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Thierry Bracke

1 July 2005
OCCASIONAL PAPER SERIES - No. 32
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Abstract
Financial crises in emerging market economies are often accompanied by difficulties of the sovereign to honour its contractual obligations. The official sector may reduce the likelihood of a disorderly outcome by extending financial assistance but there are limits to official sector involvement, not least because the potential volume of IMF lending is small compared to private capital flows and because a large "bail out" by the official sector would lead to moral hazard. For both these reasons - limited official funds and moral hazard - private sector creditors need to share some of the financial burden and thereby actively get involved in the management of financial crises in emerging market economies. The purpose of this report is to review the instruments that may promote such private creditor involvement as well as to provide a stock-taking of past experience and identify areas of possible improvement to the framework for crisis resolution.
JEL Code
F33 : International Economics→International Finance→International Monetary Arrangements and Institutions
F34 : International Economics→International Finance→International Lending and Debt Problems
13 June 2007
WORKING PAPER SERIES - No. 762
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Abstract
The paper examines over seventy episodes of current account adjustment in industrial and major emerging market economies. It argues that these episodes were characterised by strongly divergent economic developments. To reduce this divergence, the paper classifies episodes with similar characteristics in three groups, using cluster analysis. A majority of cases was characterised by internal adjustment through a slowdown of domestic demand and did not involve significant exchange rate movements. In some cases, the adjustment was mainly external, facilitated by a relatively modest exchange rate depreciation and without economic slowdown. Finally, some cases involved a crisis-like combination of a severe slowdown and a significant currency depreciation. Using a multinomial logit, we find that this classification of episodes helps improve the predictability of current account adjustment.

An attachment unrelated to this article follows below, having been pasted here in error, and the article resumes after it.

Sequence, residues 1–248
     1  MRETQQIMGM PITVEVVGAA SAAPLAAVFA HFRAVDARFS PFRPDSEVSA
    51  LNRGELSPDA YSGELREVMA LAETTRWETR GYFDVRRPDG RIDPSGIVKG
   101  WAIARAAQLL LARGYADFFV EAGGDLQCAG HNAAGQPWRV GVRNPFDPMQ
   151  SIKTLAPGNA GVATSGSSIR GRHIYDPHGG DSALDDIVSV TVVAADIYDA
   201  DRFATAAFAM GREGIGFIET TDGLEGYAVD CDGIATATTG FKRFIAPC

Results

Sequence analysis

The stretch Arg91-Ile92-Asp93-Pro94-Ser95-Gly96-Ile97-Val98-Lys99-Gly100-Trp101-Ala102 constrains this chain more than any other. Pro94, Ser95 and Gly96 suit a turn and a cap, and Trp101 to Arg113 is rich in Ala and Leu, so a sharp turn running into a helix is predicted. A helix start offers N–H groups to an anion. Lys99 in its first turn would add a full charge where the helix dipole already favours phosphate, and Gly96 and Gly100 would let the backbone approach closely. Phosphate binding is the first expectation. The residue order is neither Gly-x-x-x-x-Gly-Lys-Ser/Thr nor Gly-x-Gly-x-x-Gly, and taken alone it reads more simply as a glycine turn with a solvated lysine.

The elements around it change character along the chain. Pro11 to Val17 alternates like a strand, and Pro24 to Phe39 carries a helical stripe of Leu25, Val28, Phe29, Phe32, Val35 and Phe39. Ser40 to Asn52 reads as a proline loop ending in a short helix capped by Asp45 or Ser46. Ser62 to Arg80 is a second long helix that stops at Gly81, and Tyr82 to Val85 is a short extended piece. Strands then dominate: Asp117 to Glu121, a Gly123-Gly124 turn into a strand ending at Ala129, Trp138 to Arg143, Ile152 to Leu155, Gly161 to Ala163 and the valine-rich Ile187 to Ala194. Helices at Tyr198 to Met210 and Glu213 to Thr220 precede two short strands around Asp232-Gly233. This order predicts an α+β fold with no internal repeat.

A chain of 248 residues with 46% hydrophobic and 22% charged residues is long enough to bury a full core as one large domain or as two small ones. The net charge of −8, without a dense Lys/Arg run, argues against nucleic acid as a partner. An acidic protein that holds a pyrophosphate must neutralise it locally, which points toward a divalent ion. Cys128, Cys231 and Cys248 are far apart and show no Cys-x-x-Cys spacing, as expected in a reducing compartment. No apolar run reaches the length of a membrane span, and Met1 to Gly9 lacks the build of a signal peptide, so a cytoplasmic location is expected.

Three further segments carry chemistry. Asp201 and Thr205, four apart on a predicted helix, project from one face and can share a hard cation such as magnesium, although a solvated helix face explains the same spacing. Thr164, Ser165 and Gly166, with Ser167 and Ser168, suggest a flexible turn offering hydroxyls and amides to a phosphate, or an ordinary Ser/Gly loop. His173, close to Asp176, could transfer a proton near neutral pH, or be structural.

JEL Code
F32 : International Economics→International Finance→Current Account Adjustment, Short-Term Capital Movements
C14 : Mathematical and Quantitative Methods→Econometric and Statistical Methods and Methodology: General→Semiparametric and Nonparametric Methods: General
C25 : Mathematical and Quantitative Methods→Single Equation Models, Single Variables→Discrete Regression and Qualitative Choice Models, Discrete Regressors, Proportions
22 January 2008
OCCASIONAL PAPER SERIES - No. 78
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Abstract
In this paper, we take a systematic look at global imbalances. First, we provide a definition of the phenomenon, and relate global imbalances to widening external positions of systemically important economies that reflect distortions or entail risks for the global economy. Second, we provide an operational content to this definition by measuring trends in external imbalances over the past decade and putting these in a historical perspective. We argue that three main features set today's situation apart from past episodes of growing external imbalances: (i) the emergence of new players, in particular emerging market economies such as China and India, which are quickly catching up with the advanced economies; (ii) an unprecedented wave of financial globalisation, with more integrated global financial markets and increasing opportunities for international portfolio diversification, also characterised by considerable asymmetries in the level of market completeness across countries; and (iii) the favourable global macroeconomic and financial environment, with record high global growth rates in recent years, low financial market volatility and easy global financing conditions over a long time period of time, running at least until the summer of 2007. Finally, we provide an analytical overview of the fundamental causes and drivers of global imbalances. The central argument is that the increase in imbalances has been driven by a unique combination of structural and cyclical determinants.
JEL Code